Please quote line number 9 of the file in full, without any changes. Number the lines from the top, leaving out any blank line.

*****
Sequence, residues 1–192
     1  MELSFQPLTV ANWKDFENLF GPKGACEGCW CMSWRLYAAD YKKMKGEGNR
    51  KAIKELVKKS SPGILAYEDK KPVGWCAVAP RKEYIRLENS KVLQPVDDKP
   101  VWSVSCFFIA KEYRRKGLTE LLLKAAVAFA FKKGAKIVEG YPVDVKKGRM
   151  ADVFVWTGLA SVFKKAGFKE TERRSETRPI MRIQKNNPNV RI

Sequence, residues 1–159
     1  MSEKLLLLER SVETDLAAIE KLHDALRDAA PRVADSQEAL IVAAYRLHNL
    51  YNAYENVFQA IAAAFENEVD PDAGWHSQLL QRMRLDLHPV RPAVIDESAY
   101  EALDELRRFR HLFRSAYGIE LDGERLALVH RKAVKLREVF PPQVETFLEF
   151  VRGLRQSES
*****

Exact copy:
   101  EALDELRRFR HLFRSAYGIE LDGERLALVH RKAVKLREVF PPQVETFLEF